In Jon Goodman's book, The King of Novelty: Dickie Goodman, he says that "video did kill the radio star and no one will know until they read this book." Well, now we know. 






Home Taping Is Killing Music

Remember this slogan from the 1980s? The music industry was so bent out of shape about blank cassettes potentially destroying the sale of prerecorded music that there was even talk of imposing a preemptive royalty—to be paid to record labels—on the sale of blank tapes.


Overpaying Artists Is Killing Music



In 1997, the vice president of BMG China, Landow Lee, attributed the decline of the industry to artists getting too much money: "We all want artists to have their fair share, but overpaying them is destroying the music scene."



File Sharing Is Killing Music

Gene Simmons of KISS recently made this claim that file sharing is killing music. Simmons told Esquire magazine that file sharing has made a career in music "almost impossible":
It's very sad for new bands. My heart goes out to them. They just don't have a chance. If you play guitar, it's almost impossible. You're better off not even learning how to play guitar or write songs and just singing in the shower and auditioning for The X Factor.


Auto-Tune Is Killing Music

In 2010, Mother Jones ran an article titled "Is Auto-Tune Killing Pop Music?" The implication was yes, it is.



Lack of Education and Culture Is Killing Music

In 2003, the Scottish newspaper The Scotsman reported the death of classical music:
Welcome to the death of music, or that genre of it we define as classical. For more than a century it has captured the hearts and minds of millions, inspired the building of great concert halls in hundreds of cities, sustained thousands of musicians and created a discography that seemed timeless and enduring in its appeal. Well, timeless and enduring until now. For, despite private patronage and lashings of public funds, concert performance and ticket sales are in free fall.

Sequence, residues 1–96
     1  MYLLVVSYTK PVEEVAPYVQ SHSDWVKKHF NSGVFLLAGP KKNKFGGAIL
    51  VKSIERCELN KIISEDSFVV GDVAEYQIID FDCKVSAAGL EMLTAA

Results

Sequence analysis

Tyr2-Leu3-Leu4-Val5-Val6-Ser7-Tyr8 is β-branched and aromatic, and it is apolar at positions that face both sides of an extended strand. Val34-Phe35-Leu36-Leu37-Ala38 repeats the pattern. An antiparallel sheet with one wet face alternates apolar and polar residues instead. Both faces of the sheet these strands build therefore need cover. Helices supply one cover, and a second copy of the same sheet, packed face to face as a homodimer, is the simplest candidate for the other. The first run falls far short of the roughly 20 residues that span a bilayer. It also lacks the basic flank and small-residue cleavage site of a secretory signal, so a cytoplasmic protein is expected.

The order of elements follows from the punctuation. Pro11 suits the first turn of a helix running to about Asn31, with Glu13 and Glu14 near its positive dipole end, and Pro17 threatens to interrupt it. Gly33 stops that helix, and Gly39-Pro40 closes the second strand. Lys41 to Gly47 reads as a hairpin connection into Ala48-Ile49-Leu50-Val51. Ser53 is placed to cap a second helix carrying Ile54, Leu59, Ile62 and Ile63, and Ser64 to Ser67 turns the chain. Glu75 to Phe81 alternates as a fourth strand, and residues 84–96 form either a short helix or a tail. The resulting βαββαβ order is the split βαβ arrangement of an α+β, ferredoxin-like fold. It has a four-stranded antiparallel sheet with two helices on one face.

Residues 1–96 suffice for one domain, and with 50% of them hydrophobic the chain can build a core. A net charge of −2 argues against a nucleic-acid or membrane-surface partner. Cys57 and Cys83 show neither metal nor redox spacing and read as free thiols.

The article went on to say:
Image from the Slate article "Classical Music in America Is Dead."
The thesis of the death of music is scarcely new, but seldom has the
speed and scale of the decline been more evident than now. And this
time it is being felt across every major orchestra right to the top.
Indeed, it is not at all lurid or fanciful to suggest that the
conventional classical music concert will die out within the next decade, unable to outlive the ageing demography of today's
concert-goers.
That was written just over a decade ago, and yet my local university still has a robust classical music concert schedule.


Steve Jobs and Digital Media Are Killing Music

"Steve Jobs is personally responsible for killing the music business," said Jon Bon Jovi in 2011. How did he do it? With—as The Register reported—his "singlehanded transformation of music from vinyl to digital."

Bon Jovi explained, "Kids today have missed the whole experience of putting the headphones on, turning it up to 10, holding the jacket, closing their eyes and getting lost in an album." He must not have heard about the vinyl resurgence. 



Fans Are Killing Music

Digital Music News said in 2013 that fans are killing music, but their argument was really that file sharing was killing music.